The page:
Everyone I know suffers from anxiety, depression, or both (including myself, at times.) Not usually in the my-best-friend-just-died sort of way, but because of something else: dirty emotional pain. What do I mean?
Clean pain is a natural response to a stressful situation, like a physical injury or the death of a loved one. Once felt, it fades away very quickly.
On the other hand, our thoughts about a situation cause dirty pain. It sticks around as long as the thoughts do.
Clean pain is a natural response to stress, while dirty pain is caused by our thoughts about it.
Clean pain is the hurt in your knee when you fall off your bike.
Dirty pain, however, is the mental whirlwind that follows: blaming yourself for not seeing the dip in the road, fuming at the person who cut in front of you.
Recently I worked with author and speaker Byron Katie, the closest thing to Enlightened I’ve ever seen. Since she seems to experience no dirty pain whatsoever, I was fascinated to hear her tell the story of grieving her mother’s death.
Katie was standing in the kitchen with her adult children when a sound erupted from her mouth. She didn’t consciously cause it, nor did she fully understand it. But she allowed it. The moaning, weeping, whatever it was, traveled through her body. Someone held her. Then, in no more than a minute or two, her body calmed again. She smiled and carried on with getting a plate of food.
So, dirty pain is completely optional. I’m not pretending it’s easy, but it is a damn good ideal to pursue.
Anxiety almost ended my business
It’s early 2018. I lead a department at the fastest growing company in Nebraska. I love my kind and creative coworkers, but I’m not jazzed about the work itself. Meanwhile, I adore the coaching I’m doing on the weekends. But I push the idea of major change away for “some day.”
At work, we start a 100-day challenge to help each other build new daily habits. I choose to do The Work of Byron Katie, a meditative practice of questioning painful thoughts, once each day.
On day 62, I quit my job.
Let’s back up a few days.
I’m on the phone doing The Work with a friend and fellow Martha Beck coach.
I tell her I feel restless to express my creativity. I have endless ideas in me that want out! Sure I’ve thought about quitting my lucrative software career. I could see myself writing and coaching some day…
“But,” I say, “my husband would be uncomfortable if we didn’t have my salary. I have to make people comfortable.”
Whoa, didn’t know that was there!
My chest is tight, my breath shallow. My shoulders hunch forward like my whole body is subtly shriveling up. I notice I’ve been scared to talk to my husband about quitting my job.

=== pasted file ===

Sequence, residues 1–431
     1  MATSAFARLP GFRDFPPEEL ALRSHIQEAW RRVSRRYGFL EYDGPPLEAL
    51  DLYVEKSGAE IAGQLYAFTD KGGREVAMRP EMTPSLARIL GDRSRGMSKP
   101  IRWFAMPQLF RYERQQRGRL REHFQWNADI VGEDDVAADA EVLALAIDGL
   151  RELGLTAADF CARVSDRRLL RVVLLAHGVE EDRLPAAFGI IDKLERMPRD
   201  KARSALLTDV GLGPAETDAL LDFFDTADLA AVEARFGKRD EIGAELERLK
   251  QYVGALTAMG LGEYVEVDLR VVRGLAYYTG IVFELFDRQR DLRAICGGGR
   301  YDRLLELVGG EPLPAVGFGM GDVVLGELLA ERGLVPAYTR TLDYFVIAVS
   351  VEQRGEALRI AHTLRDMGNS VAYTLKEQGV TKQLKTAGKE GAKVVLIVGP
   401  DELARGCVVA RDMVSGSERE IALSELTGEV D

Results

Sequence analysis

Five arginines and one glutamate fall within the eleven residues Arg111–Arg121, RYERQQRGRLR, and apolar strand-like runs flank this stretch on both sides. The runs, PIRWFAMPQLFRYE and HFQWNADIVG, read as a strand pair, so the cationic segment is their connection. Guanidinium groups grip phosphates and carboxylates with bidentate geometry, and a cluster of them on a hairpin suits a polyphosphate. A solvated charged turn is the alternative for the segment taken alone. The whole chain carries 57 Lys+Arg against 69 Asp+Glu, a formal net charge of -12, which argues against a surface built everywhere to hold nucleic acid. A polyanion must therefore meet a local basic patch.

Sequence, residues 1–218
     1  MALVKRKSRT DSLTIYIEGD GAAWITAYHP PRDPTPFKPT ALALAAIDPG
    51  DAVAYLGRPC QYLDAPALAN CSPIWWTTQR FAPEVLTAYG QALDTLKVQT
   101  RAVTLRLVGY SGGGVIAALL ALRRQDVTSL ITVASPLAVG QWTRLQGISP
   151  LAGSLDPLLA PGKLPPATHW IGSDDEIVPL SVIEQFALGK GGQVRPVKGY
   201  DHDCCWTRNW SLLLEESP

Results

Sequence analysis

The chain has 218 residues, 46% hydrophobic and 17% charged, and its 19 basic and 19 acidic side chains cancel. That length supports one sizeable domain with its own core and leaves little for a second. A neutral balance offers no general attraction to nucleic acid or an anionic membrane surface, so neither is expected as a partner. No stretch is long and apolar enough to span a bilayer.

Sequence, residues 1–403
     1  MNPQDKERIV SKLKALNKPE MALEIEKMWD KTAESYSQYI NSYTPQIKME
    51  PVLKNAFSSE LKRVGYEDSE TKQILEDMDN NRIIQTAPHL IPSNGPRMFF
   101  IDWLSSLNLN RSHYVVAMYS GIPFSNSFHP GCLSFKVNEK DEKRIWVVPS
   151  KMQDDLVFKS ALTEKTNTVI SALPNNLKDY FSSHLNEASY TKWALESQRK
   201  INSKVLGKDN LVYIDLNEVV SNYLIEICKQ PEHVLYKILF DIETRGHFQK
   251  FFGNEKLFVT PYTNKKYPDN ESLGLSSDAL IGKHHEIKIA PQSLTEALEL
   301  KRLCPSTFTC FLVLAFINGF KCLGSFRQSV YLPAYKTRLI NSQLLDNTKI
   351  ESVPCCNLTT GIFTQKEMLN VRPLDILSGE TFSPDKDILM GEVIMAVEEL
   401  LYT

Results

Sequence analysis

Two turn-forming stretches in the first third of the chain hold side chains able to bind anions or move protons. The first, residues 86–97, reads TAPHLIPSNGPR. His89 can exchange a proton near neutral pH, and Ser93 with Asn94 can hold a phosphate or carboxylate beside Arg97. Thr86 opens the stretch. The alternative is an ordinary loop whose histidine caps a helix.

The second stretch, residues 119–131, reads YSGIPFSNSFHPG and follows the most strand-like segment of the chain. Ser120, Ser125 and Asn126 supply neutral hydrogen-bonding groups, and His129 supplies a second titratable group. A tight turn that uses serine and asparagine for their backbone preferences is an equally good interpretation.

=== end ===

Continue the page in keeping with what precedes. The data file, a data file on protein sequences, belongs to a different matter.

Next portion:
My anxiety, transformed
Next, we turn the thought around. How might it be true that I don’t have to make people comfortable? In what ways do I have to make people uncomfortable?
Here’s my lightbulb moment.
Making people uncomfortable is kinda my thing!
I remember a business lunch, years ago. My colleagues are talking sports at one end of the table, and I’m at the other end crying with our client who recently lost her sister.
Having uncomfortable conversations is part of who I am, and it’s always made my life better.
This new perspective feels way more empowering. And less than a week later, after an easy conversation with my husband, I’m giving my boss my two weeks notice.
I’m a little obsessed
It’s true. I am a little obsessed with the power of our thoughts. They can make us miserable, and they can fill us with joy.
It’s our thoughts that turn us into short-tempered bosses, nagging spouses, and employees with anxiety and imposter syndrome.
When we can drop the dirty pain, we become patient, loving, peaceful, and confident.
So, practice noticing your thoughts, questioning the painful ones, and playing around with alternatives that feel better. It’s relatively simple, and not easy. I am constantly learning about myself as I continue my own self-inquiry practice.
See Byron Katie’s website TheWork.com to learn her framework for self-inquiry. It has everything you need to DIY for free.
Are you ready to trade in your anxiety for clarity, confidence, and meaning? My clients have fun making money, and go home energized to love on their favorite people. If you want this too, I can help. Let’s chat!
Photo by energepic.